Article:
With everyone and every fact arguing against his actions, Leontes is clearly abusing and misusing Free Will. Hermione, in fact, concludes that "some ill planet" reigns; thus, she resigns herself to being patient until the heavens look with a more favorable aspect upon her.
All of this is the dramatic basis for the major conflict. We have witnessed the jealous, tyrannical Leontes as he flung his distorted illusions against reality. We watched Leontes escalate the willful destruction of his richest possessions. As a protagonist, he has severed his ties with his family and has isolated them; then he escalated his own isolation from the loyal advice of all who could have helped him see the truth. He has isolated himself from all objective communication, and finally he is left with only his own wrong illusions.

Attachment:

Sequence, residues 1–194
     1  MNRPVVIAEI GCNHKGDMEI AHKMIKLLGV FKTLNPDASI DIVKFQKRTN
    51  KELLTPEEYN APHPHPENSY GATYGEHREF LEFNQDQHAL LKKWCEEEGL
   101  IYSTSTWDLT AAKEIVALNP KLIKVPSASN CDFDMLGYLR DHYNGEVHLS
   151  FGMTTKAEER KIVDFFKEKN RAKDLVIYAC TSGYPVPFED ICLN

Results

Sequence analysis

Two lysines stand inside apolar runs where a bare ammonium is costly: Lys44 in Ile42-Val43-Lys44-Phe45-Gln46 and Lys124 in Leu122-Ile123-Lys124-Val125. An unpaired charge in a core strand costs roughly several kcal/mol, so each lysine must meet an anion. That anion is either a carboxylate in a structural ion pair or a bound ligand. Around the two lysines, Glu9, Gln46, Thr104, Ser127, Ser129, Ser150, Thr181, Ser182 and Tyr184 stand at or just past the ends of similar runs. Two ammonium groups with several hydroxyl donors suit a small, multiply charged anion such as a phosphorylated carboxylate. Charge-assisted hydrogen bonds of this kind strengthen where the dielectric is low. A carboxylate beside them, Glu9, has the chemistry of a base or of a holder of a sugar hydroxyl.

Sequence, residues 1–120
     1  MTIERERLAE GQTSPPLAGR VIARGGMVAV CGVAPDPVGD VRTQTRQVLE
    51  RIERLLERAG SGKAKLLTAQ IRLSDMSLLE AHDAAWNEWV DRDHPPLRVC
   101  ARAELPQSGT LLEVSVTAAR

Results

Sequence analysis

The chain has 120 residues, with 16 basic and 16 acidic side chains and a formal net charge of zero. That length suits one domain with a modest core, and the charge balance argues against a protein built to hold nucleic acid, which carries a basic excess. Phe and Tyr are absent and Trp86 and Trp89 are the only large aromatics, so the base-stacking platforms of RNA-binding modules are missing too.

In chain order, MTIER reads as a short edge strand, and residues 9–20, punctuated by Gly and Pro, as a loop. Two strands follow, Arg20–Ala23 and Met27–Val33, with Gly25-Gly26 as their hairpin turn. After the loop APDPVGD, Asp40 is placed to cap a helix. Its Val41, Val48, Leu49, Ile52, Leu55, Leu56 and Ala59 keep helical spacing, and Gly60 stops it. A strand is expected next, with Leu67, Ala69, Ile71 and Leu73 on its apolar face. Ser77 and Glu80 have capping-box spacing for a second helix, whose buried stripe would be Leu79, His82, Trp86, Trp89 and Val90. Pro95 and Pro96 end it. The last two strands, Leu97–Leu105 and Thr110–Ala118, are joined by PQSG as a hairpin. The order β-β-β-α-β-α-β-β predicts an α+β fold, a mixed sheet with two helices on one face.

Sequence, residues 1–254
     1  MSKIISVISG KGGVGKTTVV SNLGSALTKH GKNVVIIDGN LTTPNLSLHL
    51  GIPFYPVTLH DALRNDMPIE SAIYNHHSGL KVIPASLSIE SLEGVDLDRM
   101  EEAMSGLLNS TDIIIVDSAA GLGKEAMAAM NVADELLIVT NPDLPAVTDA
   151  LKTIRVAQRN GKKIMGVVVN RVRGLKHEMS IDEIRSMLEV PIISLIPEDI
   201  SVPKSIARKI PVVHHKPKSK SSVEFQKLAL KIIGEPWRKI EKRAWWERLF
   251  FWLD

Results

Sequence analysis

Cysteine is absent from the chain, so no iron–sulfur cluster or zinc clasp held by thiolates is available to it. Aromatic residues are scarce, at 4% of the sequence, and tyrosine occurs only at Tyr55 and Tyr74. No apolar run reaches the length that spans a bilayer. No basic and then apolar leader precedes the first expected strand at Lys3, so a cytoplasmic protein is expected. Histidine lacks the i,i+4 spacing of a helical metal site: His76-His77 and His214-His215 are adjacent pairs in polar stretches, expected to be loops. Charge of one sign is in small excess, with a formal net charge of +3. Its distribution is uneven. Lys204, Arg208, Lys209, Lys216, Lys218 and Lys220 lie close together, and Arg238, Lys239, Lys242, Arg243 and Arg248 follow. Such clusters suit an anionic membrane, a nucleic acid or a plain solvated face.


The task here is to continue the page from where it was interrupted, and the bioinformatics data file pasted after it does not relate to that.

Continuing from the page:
Suitably, the setting increasingly becomes a series of confined, isolated fragments. Hermione moves to prison, Mamillius is confined to his quarters, and Leontes places himself apart from anyone who disagrees with him. Characterization is of secondary interest in this scene. Leontes is developed almost as a stereotype to "Human Nature disrupted by Insanity." On the other hand, Hermione's goodness comes close to being unbelievable, were it not for the fact that we see her growing stronger, more self-sufficient, and patient — as do many pregnant women confronted with emergencies. Perhaps her unshakable pureness and goodness are essential in order to motivate all the underlings to argue with their king, but the audience may well wonder whether such a rare creature could actually exist beyond the stage of this play.
The age of Mamillius remains a mystery. Shakespeare portrays him as a spirited, flirtatious, proud and secretive youth — perhaps a young teenager. But his ties to his mother seem to indicate a much younger child. He lives, and soon dies, and he remains largely an inscrutable mystery.